We don't know yet. But we will.

Wednesday, May 06, 2009

The Drunkard's Calendar

So...yesterday was Cinco de Mayo. Which, I believe, is the holiday that celebrates the birth of Tequila. That's as fine a thing to celebrate as any, but it got me thinking about all the other holidays that are celebrated in the US.

Sure, there's important stuff like Christmas and Flag Day, but the real holidays are the ones that call for us to bug out of work early (or not work at all), plop down at the bar (or a lawn chair in the backyard) and glug down enough alcohol to destroy four livers.

Those holidays, it might be said, comprise The Drunkard's Calendar. Which looks a little something like this:

New Year's Eve
St. Patrick's Day
Cinco De Mayo
Memorial Day
July 4th
Labor Day
Day Before Thanksgiving

If you notice anything about that list, it is probably that it is far too short. So, I'm thinking that we need to expand the Drunkard's Calendar. We need one holiday a month. At least. We definitely need less than 6 weeks between holidays. So, how about if we add:

Valentine's Day: No one really celebrates this one any way. If they do, they're celebrating it all wrong. Given the choice between flowers that are gonna die tomorrow and vodka that's gonna make tomorrow all headache-y, which would you choose? Exactly.

NCAA Men's Basketball Championship Game: It's always gonna be a Monday in April, so we give ourselves a new 3-day weekend right when the weather is turning. Besides, the game is usually kinda mediocre. If you know anything about whiskey, you know that enough of it turns mediocre into legendary.

Juneteenth: No one ever knows what this holiday is supposed to be about, but people sure do like to BBQ and play dominoes to honor it. Where there's BBQ and dominoes, cold beer can't be too far behind.

Kool-Aid Day: This apparently takes place in mid-August. All we need to do is pour some rum in it and we have ourselves another drunkard's holiday.

Repeal Day: Did you know that Prohibition was officially repealed on Dec. 5, 1933? If you can't drink to that, you can't drink to anything.

And that brings us to 13. A full Drunkard's Calendar. So full that there are more holidays to celebrate than there are months in the year. Which sounds about right.

Don't you think?

Thursday, April 02, 2009

Let Them Eat Cake

Way back when The People took to the streets of Seattle to protest the grotesqueries of the World Economic Forum, I probably said, "Right on! Give those bastards hell!"

I was younger back then. And I was rancid with piss and vineager and righteous indignation over greedy somebodies who ran the world and were the cause of all our problems.

Now, I'm older. A certain red-haired girl might even tell you I'm just old. Either way, I'm a little wiser. Perhaps, I'm just less pissy. Whatever the case, I subscribe to the Leila Dean Principle. It involves compromise. And cake.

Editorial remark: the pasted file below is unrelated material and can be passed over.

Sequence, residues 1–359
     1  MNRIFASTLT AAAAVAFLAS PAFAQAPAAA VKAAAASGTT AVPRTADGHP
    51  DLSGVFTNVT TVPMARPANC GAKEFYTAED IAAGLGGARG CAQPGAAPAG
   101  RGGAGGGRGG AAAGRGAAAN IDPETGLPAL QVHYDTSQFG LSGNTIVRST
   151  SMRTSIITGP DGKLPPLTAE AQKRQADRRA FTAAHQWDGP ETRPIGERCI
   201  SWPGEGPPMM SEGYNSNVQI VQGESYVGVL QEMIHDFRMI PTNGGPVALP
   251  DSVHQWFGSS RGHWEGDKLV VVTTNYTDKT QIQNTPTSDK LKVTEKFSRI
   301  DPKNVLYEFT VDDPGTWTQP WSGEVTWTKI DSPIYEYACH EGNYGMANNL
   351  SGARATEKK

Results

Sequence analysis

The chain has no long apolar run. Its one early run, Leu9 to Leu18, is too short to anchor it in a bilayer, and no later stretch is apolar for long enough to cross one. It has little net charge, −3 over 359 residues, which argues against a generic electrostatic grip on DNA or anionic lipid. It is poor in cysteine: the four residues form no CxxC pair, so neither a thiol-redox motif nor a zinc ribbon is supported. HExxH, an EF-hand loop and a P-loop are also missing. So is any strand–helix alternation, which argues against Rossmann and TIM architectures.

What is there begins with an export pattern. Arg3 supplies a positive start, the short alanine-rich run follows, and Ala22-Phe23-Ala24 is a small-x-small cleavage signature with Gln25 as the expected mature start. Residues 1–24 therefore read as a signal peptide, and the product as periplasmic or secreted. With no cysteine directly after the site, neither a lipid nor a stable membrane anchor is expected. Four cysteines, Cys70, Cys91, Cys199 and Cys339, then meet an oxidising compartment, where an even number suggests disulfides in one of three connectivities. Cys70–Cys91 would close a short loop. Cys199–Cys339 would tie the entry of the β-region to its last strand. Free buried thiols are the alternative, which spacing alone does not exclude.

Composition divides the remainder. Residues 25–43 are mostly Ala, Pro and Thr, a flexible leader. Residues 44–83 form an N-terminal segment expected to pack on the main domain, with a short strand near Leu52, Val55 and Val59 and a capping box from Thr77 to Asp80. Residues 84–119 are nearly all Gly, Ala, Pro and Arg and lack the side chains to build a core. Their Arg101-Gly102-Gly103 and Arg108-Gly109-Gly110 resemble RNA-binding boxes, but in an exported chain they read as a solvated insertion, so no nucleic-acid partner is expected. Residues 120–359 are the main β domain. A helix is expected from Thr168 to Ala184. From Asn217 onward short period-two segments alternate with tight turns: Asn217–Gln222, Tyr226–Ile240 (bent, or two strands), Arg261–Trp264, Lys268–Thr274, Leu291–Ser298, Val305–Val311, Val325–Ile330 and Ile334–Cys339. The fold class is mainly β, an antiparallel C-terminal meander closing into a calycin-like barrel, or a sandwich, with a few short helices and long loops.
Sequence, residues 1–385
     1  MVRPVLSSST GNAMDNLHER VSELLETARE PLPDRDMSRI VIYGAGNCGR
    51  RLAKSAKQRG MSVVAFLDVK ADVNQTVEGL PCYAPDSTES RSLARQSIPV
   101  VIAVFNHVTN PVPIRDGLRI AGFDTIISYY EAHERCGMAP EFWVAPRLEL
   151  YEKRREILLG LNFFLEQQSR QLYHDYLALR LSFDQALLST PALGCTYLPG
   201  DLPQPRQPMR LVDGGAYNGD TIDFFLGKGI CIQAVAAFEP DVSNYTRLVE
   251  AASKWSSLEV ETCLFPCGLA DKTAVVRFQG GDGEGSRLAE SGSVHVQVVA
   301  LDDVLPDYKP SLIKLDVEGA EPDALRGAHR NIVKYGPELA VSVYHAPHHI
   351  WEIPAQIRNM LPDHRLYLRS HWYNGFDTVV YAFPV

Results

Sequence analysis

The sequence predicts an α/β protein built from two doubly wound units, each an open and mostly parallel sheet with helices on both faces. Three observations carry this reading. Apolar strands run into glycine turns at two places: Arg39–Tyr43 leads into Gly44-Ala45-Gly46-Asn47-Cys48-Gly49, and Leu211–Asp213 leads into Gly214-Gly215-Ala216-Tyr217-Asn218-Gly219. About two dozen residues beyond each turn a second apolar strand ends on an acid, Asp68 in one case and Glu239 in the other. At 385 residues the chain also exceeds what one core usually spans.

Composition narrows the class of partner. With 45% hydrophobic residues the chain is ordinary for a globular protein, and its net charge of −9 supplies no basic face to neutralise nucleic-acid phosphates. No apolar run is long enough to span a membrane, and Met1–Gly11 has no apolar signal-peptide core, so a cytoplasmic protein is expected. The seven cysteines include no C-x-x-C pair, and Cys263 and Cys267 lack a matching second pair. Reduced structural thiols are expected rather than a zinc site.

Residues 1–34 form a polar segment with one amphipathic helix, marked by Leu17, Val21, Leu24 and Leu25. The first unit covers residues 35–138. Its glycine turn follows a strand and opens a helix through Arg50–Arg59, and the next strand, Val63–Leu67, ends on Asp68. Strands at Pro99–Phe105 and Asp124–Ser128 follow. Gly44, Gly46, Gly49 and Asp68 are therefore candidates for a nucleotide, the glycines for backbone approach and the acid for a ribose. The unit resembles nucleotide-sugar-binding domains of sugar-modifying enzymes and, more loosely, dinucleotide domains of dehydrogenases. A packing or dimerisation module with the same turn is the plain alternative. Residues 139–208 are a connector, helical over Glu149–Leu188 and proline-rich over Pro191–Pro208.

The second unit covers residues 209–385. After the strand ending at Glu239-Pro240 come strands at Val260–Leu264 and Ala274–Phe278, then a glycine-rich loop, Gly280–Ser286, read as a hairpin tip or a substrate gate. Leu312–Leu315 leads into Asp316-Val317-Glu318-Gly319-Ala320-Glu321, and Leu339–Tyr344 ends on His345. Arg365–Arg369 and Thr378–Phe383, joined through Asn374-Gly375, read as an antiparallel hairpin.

One lump or two? (2:30) | PRI's The World

Posted using ShareThis

Tuesday, March 31, 2009

Quiet As Kept

When I filled out an NCAA Tournament bracket two weeks ago, I chalked it just like everyone else in America. Mostly, I chalked it for my favorite teams. (Specifically, I chalked it for Pitt.) And I expected the story to emerge from this year's Tournament to be about the guys who have quietly been coaching their asses off.

Mike Anderson.
Jeff Capel.
Jamie Dixon
Anthony Grant.
Fran McCaffrey.
Sean Miller.
Stu Morrill.
Jay Wright.

Some are widely thought to be rising stars. Most run exemplary programs. None have crossed the threshold into Guitar Hero territory, yet.

But--with today's below-the-fold announcement that Mizzou has extended Anderson--some of these guys might finally get their own national endorsement deals.

One of 'em--that bastard who ended the Panthers' dream--might get a lil more than that this weekend. If he does, his career won't be quiet any longer.

Sunday, March 29, 2009

A Writer's Guide to Alcohol

There are an infinite number of combinations of spirits you can pour into your body to make yourself drunk. However, there are only a certain number of base alcohols that can be used to create those drinks.

There's gin. There's vodka. There's tequila. There's rum. There's whisky.

(You could argue for other delicious poisons to be added to the list, but those five are all I'm dealing with today.)

During my drinking career, I've poured a little bit of each of those spirits into my body. And I've figured out how each of them works. More or less.

Gin is slow. It lingers. You won't feel a buzz right away, but when it does kick in, it tends to kick with the ferocity of Chuck Norris. That is, if you've slurped down 10-15 glasses with some gin in them. Anything short of that will kick more like...your girlfriend's kickboxing instructor. Or maybe one of the women in the kickboxing class. The Chuck Norris happens once you hit double digits. Also, the way gin lingers, it has a very cathartic effect for the digestive system. One way or another, something is coming out of you if you drink enough gin. So plan on being near a bathroom the morning after. Or as soon as the Chuck Norris happens.

Vodka is a bit like gin. But not quite as violent. It also works more quickly than gin does. If it takes you two hours to get a good gin buzz, you'll arrive at tipsy in half that time with vodka as your driver. Vodka also tends to be pretty flat. When you're vodka drunk, it'll feel pleasant, but it won't feel pleasant-er or pleasant-est. It'll stay pleasant for as long as it can, then it'll turn almost immediately to pre-hangover or even hangover. There's a reason the Russians can be some mean sonsofbitches. It ain't the communism. And it ain't the weather. It's the vodka.